VIENNA Uruguay will this year become the first country to allow state sale of cannabis . ”We should not be considered as a beacon for others, but we want to try a different path when the ban on drugs did not work”, says Diego Canepa , the country’s representative to the United Nations Commission on Narcotics Drugs’ session in Vienna.
It was last fall that the Senate adopted the Left government’s proposal to start selling marijuana to try to take over the market from organized gangs and focus more on care for those caught in addiction.
– The ban has caused major problems, especially in Latin America. We can not continue with a strategy that obviously is not working, says Mr Diego Canepa, who is head of President José Mujica’s office and spokesman on drug issues, to Drugnews .
He had previously in a speech at the UN gathering defended the Uruguayan controversial decision and says that they do not violate the international conventions.
– We believe we have the right to try to protect our residents’ health and think this is the best route.
He also said that legalization is not the Holy Grail for the drug problem, but it is better to control a visible market instead of an invisible .
In April, the launching of the new law was clear and in November Uruguay plans to initiate the sale of the drug. Every resident in the country 18 years and older should be able to buy a maximum of 40 grams per month in licensed pharmacies. The purchases and customers should be registered in a state database.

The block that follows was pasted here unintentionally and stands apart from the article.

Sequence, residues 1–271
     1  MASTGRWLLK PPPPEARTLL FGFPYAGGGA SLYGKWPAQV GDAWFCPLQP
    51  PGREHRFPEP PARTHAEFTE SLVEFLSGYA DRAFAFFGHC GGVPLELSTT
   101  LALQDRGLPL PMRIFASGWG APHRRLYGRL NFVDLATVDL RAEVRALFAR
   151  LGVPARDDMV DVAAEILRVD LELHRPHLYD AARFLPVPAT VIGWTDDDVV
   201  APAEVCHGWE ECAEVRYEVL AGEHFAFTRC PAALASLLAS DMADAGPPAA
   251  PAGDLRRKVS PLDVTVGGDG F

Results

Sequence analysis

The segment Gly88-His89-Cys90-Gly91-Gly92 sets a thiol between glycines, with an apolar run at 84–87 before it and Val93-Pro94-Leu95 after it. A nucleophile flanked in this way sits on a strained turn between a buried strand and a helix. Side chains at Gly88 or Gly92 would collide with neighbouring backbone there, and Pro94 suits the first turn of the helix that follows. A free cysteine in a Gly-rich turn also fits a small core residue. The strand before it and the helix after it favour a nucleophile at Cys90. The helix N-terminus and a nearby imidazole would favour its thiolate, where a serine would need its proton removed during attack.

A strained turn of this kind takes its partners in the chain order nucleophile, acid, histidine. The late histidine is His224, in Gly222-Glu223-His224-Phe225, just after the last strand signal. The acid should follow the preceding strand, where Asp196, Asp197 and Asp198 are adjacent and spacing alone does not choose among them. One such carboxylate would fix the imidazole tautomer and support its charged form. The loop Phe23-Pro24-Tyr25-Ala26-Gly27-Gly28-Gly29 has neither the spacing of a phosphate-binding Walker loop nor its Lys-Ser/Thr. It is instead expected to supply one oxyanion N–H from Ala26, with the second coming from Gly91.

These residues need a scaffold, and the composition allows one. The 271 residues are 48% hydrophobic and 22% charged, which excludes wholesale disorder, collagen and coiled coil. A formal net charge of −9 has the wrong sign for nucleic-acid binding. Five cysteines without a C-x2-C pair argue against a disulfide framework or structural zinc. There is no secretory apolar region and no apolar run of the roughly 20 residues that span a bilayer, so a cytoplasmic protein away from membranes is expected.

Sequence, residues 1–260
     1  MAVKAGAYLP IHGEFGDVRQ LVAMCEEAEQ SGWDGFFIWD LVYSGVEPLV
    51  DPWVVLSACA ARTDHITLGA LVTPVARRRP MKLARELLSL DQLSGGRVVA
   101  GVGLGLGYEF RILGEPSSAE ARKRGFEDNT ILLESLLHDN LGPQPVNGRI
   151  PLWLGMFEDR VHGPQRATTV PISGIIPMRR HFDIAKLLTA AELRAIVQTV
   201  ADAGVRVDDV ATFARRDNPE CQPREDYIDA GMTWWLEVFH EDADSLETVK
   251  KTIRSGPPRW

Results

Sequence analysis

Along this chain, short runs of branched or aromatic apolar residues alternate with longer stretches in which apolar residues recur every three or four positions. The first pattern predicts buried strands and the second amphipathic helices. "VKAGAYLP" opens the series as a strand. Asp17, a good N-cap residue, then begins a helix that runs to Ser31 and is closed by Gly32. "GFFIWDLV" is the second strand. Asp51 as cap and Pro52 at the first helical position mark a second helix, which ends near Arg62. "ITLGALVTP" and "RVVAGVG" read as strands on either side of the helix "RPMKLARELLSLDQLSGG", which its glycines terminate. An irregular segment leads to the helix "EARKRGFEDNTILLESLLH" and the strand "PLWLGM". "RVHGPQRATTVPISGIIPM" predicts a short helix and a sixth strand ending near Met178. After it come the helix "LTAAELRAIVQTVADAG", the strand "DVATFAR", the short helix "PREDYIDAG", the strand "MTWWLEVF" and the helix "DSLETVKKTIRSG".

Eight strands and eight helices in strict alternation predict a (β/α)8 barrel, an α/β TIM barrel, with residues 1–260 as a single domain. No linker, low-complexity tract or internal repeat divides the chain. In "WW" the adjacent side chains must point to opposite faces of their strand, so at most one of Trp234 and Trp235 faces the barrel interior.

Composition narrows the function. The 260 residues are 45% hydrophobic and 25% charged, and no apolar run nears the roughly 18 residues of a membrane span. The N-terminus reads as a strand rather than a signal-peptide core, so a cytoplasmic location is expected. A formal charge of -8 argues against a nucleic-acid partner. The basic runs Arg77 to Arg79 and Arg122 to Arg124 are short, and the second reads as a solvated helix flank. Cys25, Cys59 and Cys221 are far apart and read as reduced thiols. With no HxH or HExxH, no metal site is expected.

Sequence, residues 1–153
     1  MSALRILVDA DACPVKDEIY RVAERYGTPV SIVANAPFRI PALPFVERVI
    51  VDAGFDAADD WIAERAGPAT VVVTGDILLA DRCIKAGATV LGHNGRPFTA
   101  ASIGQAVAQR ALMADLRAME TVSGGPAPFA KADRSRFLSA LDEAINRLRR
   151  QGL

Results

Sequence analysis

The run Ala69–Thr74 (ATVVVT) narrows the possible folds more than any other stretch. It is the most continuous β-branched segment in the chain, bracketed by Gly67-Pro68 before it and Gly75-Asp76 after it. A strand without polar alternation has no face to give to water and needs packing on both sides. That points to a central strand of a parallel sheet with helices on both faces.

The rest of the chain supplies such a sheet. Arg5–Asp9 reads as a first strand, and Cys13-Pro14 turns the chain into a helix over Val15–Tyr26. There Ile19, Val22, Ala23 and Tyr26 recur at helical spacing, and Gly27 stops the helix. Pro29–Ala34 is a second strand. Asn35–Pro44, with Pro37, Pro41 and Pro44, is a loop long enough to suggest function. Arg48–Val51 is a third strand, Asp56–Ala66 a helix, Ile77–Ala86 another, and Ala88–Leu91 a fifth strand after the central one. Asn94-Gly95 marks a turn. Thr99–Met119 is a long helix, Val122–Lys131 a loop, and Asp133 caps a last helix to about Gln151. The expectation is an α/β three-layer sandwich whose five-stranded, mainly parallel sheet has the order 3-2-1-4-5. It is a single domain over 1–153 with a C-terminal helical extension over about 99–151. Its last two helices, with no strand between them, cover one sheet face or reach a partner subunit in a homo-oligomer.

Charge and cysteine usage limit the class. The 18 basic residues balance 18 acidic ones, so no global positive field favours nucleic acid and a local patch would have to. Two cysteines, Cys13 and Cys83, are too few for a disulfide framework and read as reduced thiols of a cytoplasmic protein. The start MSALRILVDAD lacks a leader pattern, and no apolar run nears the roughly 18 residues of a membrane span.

In addition, residents can grow six cannabis plants for personal use and smoking clubs with more than 45 members may cultivate up to 99 plants per year.
– But it ‘s not about introducing a free market, but to sell marijuana so cheap that we can compete with the illegal market and no one should make a profit. It’s a bit like a socialist market, we do have a tradition of monopoly in my country, says Diego Canepa laughing, labeling himself a Socialdemocrat .
In order to check the quality and so state cultivated plants don’t reach the black market each plant shall be marked with a special chip.
He argues that marijuana is not a big problem among young people in Uruguay, that is alcohol.
• Drugnews: But why don’t you sharpen the rules about alcohol, instead of legalizing cannabis? Will it not attract young people to smoking cannabis?
– No, I think not. Maybe first year there may be a small increase , but it will probably subside. Moreover, we are introducing stricter alcohol rules.
– We give this five or six years to assess how marijuana trial goes, otherwise we change the strategy, he says, but adds that they will not go back to banning the drug.
But when Drugnews asks what data is needed to know if it will be successful or not, he does not know it really. None of his accompanying experts can answer the question either.
United Nations Drug Control Board, INCB, has criticized Uruguay for the decision to allow cannabis sales and and stated it’s a breach with the 1961 Convention, but INCB has no sanctions.
Yuri Fedotov , head of the UN agency UNODC says he has yet to see that other countries follow the Uruguayan example, that it may become a new trend. But he does not not think that the trial is in ”letter and spirit ” in line with the Conventions.